Once again, the fear comes from imagining yourself or a loved one in place of Maurice. What would you do? Despite the Beast being a hand-drawn creation, you can watch him and feel the threat that he possesses. Everything about the scene screams “RUN AWAY NOW!” Lumiere and Cogsworth just cower and stand there, barely making an attempt to calm the Beast in his territorial fury. How comforting is that? One guy invited Maurice to come in and make himself at home, but then fails to defend him, and the other guy just constantly tries to cover his own ass at your expense.

Even later, when the Beast saves Belle from the wolves, he looks as monstrous and feral as the very things he’s fighting. This is another reason that I look down on the remake; their Beast is not even remotely scary or threatening, which removes his bite, so to speak. Nevermind that the CG effects are fake-looking as hell, which also distracts from the believability, but it then removes the sense of real change when the Beast finally starts coming around to Belle and acting more human. He wasn’t just a grump hermit in a fur suit; he was regressing in despair, to the point of mentally becoming an animal.

But I digress.


2) Any Hag Scene (Snow White and the Seven Dwarves)

Particularly the one in which she is “born.”

Queen Grimhilde’s regular character design is unsettling, what with her frozen face yet sporadically widening eyes. But once she transforms into the Hag, using a potion literally made out of the stuff of nightmares, the woman becomes completely terrifying.

It is said that the actress removed her false teeth to achieve her older voice, and the Hag’s cottony cackles couple well with her poorly-aged, clearly-evil, “oh-my-God-only-an-idiot-wouldn’t-realize-this” disguise. She talks out loud to herself constantly, plotting needless cruel tortures for Snow White, and she often looks directly into the camera, as if she knows you’re there and will probably be coming after you next.

Aside from her physical repulsiveness, I think some of the fear also comes from the Queen essentially hating this little girl for an unbelievably petty reason, and being willing to kill her so sadistically. “Kill Snow and bring back her heart in a box.” “Have the dwarves bury her alive because they don’t know she’s just sleeping.” It’s all so simplistic, but brutal. Her insecurity and jealousy makes her into a complete monster, and had she survived, who knows what this depraved madwoman would have done next?

She also has a secret alchemy/black-magicky lab in the castle dungeons, which she can apparently slip in and out of unnoticed. There’s nothing like seeing a clearly dangerous person in power, roaming the streets and doing whatever she wants with no supervision or legal repercussions.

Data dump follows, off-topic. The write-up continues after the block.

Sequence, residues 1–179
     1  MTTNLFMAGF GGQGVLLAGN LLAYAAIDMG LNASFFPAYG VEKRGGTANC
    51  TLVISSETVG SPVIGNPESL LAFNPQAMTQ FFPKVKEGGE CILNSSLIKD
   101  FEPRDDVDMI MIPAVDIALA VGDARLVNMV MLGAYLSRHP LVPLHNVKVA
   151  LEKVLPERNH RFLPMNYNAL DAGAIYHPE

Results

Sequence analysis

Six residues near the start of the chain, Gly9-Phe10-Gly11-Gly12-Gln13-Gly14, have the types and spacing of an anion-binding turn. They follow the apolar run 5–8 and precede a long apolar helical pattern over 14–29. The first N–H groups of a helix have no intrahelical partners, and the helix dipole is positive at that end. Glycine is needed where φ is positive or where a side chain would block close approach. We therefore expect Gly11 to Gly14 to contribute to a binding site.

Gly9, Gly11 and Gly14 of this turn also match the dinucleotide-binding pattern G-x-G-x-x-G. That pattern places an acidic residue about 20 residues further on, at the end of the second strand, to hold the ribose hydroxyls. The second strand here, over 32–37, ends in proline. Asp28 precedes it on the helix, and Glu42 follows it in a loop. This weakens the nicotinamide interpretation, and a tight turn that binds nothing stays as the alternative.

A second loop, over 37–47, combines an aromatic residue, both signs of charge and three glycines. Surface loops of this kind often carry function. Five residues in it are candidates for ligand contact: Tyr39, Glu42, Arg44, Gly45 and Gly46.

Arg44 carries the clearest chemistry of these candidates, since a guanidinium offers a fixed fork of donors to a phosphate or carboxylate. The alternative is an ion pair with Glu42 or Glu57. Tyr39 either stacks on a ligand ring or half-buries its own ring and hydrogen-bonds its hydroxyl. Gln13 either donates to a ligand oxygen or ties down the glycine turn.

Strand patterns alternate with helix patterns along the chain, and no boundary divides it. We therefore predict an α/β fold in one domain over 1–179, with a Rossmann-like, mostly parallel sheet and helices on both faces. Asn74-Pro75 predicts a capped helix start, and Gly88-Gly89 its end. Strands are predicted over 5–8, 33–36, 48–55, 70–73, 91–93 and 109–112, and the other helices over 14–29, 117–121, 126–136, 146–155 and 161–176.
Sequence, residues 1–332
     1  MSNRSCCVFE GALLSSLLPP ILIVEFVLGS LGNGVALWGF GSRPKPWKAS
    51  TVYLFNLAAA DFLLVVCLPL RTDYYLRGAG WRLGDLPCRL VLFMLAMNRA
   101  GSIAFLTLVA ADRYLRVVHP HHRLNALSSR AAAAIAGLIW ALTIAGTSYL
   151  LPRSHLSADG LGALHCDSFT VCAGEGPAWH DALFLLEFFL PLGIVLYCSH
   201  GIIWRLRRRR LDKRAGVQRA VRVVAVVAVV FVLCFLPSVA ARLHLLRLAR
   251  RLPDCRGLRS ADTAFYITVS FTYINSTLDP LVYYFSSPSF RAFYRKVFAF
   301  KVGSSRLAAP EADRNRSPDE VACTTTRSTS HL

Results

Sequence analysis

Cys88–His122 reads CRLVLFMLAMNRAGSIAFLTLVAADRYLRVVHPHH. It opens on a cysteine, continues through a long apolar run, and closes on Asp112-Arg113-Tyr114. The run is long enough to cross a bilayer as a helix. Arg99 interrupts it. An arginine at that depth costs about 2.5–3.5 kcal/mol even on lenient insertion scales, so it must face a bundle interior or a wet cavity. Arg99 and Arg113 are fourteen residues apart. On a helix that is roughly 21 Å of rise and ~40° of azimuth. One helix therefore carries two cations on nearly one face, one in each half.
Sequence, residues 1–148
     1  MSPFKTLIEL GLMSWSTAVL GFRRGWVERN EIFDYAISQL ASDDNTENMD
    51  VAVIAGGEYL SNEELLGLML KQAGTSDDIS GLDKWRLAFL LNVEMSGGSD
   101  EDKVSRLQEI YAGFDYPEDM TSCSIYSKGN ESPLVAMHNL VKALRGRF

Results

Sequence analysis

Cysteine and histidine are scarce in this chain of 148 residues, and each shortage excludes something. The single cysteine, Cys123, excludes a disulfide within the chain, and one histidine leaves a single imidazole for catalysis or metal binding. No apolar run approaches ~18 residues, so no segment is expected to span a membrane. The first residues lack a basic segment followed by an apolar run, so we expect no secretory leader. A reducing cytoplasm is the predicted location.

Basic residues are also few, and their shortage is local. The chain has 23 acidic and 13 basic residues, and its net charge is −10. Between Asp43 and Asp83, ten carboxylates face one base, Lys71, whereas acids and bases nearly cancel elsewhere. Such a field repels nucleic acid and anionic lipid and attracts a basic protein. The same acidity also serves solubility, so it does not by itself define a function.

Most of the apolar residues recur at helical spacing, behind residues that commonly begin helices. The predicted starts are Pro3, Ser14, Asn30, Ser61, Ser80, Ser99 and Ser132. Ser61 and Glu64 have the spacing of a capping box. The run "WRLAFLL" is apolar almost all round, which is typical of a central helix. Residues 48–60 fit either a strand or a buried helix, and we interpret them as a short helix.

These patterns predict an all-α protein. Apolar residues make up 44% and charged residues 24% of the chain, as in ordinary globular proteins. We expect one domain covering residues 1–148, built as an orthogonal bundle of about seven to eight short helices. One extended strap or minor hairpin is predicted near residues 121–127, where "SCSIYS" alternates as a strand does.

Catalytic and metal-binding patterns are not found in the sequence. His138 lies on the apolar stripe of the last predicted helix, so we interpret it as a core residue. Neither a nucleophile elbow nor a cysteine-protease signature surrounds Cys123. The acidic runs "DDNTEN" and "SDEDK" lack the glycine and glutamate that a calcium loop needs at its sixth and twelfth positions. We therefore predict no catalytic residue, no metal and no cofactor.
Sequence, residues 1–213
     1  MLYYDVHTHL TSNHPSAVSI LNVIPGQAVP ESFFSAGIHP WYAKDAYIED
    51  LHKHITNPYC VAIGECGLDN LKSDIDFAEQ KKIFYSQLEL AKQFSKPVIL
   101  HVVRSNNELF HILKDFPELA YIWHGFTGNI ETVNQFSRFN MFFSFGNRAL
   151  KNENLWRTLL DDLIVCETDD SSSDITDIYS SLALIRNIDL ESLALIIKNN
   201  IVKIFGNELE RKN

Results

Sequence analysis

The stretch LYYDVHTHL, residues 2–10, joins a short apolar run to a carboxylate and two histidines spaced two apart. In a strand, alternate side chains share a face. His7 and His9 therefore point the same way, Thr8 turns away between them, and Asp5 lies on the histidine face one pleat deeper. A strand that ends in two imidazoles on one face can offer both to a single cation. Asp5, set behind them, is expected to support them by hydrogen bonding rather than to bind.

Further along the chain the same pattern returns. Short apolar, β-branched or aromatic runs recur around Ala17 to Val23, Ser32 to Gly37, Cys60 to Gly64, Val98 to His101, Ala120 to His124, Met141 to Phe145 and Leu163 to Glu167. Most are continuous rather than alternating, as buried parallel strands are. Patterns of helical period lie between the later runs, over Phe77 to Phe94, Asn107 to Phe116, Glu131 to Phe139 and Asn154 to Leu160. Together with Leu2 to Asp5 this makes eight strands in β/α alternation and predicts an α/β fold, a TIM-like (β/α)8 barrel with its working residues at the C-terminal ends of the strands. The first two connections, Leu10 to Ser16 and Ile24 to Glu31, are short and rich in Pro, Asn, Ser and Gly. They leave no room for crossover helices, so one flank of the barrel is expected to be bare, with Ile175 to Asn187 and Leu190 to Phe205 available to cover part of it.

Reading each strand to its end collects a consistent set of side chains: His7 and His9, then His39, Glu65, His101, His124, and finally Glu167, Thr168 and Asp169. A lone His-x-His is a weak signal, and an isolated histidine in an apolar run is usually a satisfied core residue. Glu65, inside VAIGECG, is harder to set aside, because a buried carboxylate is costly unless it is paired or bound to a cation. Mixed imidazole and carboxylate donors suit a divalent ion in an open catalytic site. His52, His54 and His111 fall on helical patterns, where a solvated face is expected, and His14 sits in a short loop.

…Whatever happened to the Huntsman, anyway? Is his head on a pike, festively adorning the castle walls? Did he get away scott-free while Queenie was busy with premeditated princess murder? We’ll never know for sure, but she did say, “You know the penalty if you fail,” which I figure involves an execution of some sort…The less I think about this, the better.


1) Wolf Attack (Beauty and the Beast)

An old man gets lost in the woods, loses his horse, and then has to run from ravenous wolves.


Belle gets attacked by wolves as well, but that scene is actually very different. It comes hot off the heels of another major conflict, the music transitions fluidly, and the background and lighting are consistently…well, for lack of a better word, brighter all around.


Blue tends to be a more calming color. Plus, you can see every element clearly.

In Maurice’s scene, by contrast, the score starts out calm, but eerily discordant and all over the place. I couldn’t even find the track on the official soundtrack; it was released on a bonus CD sold separately, that’s how unnerving it is.

It also does what is called “Mickey Mousing”, a term that refers to how the music follows and embellishes the actions happening on screen, rather than just setting a general background tone. For example, at one point a shadowy wolf rushes by, and even if your eyes missed it, the music let you know that something bad had just happened.


Eyes and other animated facial features morph quickly from nervous to fearful (I have always found creepy or expressly afraid eyes chilling). Even Phillipe the horse knows that something bad is going to happen, and frustratingly, he realizes as quickly as the audience does. His rider, meanwhile, is stubborn and distracted, ignoring the obvious warning signs.


The lighting is predominantly composed of reds and yellows (colors that tend to excite and agitate, according to Psychology), and it’s limited because it comes from the inventor’s lantern. The light is soon put out, however, in an extremely quick and violent way, and then all is left in darkness as Maurice’s one immediate hope of escape, his horse, is driven away in terror.

Much like with The Fox and the Hound’s Bear, there is a lot of motion and violent energy in this scene. A chorus of wolf howls goes up, causing Phillipe to back his cart into a tree. A mass of angry black bats comes flocking out, scaring the horse into nearly running himself off of a cliff. Phillipe rears, knocking Maurice off and leaving him alone in the forest. Just as the old man picks himself up, he gets chased by a group of wolves and falls down a cliff. He then reaches a gate and manages to get inside, but a wolf bites his foot and almost drags his whole leg out into biting range. The pacing of it all rarely gives the audience a break, and depending on your imagination, it can be like experiencing the danger yourself, if secondhand.


Belle’s scene is still scary in its own way – it’s still a defenseless person possibly going to be mauled to death – but it’s not filmed the same way and it doesn’t really sneak up on first-time viewers. As soon as she starts riding into the woods, you already have an idea of what she’s going to face. The wolves themselves shown up more on screen, coming from predictable directions, and they are also a lot easier to see in their horrific entirety.